What do we make of this? Yamanaka was top 10 P4P before. Does it say more about who Nery will be or more about where Yamanaka is now?

    https://youtu.be/vHcMuAsPc8A
    Now , some people aren't going to agree with me and fair enough. First and foremost, the p4p is a meaningless crock of shit after #1,2&3.
    Secondly, I have a theory that at the really low weights, they don't carry much kudos for p4p. The reasons being :
    A. Less people fight at these weights, people in the World are getting bigger, taller, heavier. Therefore , to be the best, there's less competition.
    B. Because every guy at these low,low weights carries no surplus ounces, they're all fit as fleas, they're all quick as fuck and because they are so "levelled", there's more chance of titles changing hands more often. Naturally there are exceptions to every rule and I know Yamanake was champ for a long time, but by and large I believe this theory applies.
    Come on then, I'm giving you all a chance to make me look stupid!
    Theory B. would imply the level of competition is far greater at lower weights, no? Apart from the physical superiority en masse you've outlined, it makes sense that titles will change hands more frequently amongst a pool of competition of equal standard. And by that reasoning would make standout fighters more worthy than any to be considered special (P4P).

    A? It's only true of the very two smallest divisions that there's significantly less pros per division. Bantamweight (which is the weight of this thread) has over a thousand registered pros, virtually the same amount as lightheavy. Then factor in that it's far more likely for smaller weight fighters to explore surrounding divisions and you can make a case for them having more top-drawer competition than heavier weights.
    All I would say, is how many 12 stone blokes do you see walk the streets? And how many 8 stone blokes do you see walk the streets?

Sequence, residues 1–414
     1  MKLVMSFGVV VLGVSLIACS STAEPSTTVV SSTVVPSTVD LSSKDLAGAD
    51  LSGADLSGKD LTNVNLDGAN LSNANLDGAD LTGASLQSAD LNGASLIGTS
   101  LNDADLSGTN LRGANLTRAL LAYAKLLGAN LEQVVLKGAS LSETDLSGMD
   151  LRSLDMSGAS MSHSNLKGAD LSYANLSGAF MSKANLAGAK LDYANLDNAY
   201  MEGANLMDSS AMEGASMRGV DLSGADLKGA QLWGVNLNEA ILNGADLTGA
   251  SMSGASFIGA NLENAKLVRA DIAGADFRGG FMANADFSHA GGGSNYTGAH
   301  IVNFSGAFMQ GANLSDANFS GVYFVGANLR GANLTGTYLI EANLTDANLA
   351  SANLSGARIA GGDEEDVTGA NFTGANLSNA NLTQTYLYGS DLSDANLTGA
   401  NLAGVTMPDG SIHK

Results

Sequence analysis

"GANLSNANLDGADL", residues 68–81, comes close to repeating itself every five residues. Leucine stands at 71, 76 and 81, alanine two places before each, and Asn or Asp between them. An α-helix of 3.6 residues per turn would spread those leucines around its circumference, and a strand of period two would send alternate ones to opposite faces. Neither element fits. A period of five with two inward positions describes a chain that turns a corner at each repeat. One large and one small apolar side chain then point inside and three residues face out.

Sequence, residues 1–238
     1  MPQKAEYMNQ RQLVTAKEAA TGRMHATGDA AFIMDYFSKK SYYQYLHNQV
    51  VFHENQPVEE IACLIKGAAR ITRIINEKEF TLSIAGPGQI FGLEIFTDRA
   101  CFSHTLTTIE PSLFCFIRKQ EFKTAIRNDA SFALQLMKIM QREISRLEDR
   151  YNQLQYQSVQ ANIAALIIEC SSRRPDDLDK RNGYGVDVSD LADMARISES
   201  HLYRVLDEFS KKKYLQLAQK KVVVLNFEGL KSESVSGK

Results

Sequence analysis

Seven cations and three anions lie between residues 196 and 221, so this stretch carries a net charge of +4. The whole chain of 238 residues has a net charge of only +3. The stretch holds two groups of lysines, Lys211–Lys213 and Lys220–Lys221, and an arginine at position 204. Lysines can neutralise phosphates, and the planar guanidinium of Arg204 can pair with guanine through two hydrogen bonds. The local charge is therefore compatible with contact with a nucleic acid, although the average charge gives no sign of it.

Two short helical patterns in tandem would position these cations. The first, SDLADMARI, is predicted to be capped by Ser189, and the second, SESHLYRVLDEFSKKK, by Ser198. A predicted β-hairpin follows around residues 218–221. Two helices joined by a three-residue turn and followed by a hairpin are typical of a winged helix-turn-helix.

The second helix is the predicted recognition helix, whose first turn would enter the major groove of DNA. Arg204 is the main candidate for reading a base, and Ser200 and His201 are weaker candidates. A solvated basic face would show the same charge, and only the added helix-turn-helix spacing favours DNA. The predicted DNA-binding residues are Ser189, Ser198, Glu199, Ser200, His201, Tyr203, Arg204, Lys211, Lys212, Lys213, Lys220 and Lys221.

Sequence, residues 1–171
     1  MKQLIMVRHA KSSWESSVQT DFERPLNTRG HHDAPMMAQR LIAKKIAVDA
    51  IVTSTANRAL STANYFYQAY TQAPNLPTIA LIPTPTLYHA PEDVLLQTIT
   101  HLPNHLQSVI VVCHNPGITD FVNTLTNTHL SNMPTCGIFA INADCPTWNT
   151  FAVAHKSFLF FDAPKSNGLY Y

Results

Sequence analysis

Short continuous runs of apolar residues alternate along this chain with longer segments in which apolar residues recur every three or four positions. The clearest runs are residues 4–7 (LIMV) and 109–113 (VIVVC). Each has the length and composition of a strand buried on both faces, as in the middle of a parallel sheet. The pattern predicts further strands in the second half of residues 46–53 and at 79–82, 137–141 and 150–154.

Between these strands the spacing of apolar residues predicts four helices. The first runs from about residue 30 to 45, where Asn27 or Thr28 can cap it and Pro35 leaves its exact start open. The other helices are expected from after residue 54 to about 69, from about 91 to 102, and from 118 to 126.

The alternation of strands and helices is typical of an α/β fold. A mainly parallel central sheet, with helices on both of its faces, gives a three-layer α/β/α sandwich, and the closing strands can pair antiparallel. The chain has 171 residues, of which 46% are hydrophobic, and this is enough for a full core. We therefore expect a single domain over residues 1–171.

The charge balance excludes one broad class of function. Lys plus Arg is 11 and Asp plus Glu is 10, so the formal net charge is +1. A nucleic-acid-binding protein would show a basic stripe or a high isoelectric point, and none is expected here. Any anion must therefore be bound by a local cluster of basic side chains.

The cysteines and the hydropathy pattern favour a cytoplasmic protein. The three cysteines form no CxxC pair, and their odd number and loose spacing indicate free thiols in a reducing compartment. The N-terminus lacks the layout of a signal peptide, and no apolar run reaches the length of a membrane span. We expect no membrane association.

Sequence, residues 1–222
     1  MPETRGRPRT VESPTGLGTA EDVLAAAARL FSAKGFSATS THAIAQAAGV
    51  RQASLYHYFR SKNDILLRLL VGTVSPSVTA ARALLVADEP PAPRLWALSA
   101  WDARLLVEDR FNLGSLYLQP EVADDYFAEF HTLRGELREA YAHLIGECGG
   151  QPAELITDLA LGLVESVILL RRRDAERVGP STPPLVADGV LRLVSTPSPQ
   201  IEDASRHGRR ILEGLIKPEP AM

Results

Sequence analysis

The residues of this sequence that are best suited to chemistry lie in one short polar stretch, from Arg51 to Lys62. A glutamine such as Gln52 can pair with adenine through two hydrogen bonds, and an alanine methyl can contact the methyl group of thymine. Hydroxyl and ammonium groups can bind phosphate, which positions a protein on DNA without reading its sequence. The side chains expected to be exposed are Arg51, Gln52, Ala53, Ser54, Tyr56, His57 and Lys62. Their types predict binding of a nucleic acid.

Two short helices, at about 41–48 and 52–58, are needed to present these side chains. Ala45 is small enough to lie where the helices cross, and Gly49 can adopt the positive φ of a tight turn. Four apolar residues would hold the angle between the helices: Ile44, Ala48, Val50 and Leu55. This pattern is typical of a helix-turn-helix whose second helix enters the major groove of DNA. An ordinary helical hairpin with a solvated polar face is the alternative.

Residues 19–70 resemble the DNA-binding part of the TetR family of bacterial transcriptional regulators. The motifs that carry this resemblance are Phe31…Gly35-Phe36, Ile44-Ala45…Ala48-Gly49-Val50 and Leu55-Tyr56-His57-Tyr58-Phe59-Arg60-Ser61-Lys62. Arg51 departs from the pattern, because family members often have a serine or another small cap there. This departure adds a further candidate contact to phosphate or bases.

In the west people are bigger, for sure.

    Not sure what your point is to be honest? (not being funny or anything)
    Nah I know you're not being funny, I'm not sure if I know myself what my point is! 😂😂😂 I'll try to explain myself later when I get a bit more time.

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    Default Re: Nery stops Yamanaka in 4!

    Quote Originally Posted by Fenster View Post
    Quote Originally Posted by Primo Carnera View Post
    Quote Originally Posted by Fenster View Post
    Quote Originally Posted by Primo Carnera View Post
    Quote Originally Posted by Ron Swanson View Post
    What do we make of this? Yamanaka was top 10 P4P before. Does it say more about who Nery will be or more about where Yamanaka is now?

    https://youtu.be/vHcMuAsPc8A
    Now , some people aren't going to agree with me and fair enough. First and foremost, the p4p is a meaningless crock of shit after #1,2&3.
    Secondly, I have a theory that at the really low weights, they don't carry much kudos for p4p. The reasons being :
    A. Less people fight at these weights, people in the World are getting bigger, taller, heavier. Therefore , to be the best, there's less competition.
    B. Because every guy at these low,low weights carries no surplus ounces, they're all fit as fleas, they're all quick as fuck and because they are so "levelled", there's more chance of titles changing hands more often. Naturally there are exceptions to every rule and I know Yamanake was champ for a long time, but by and large I believe this theory applies.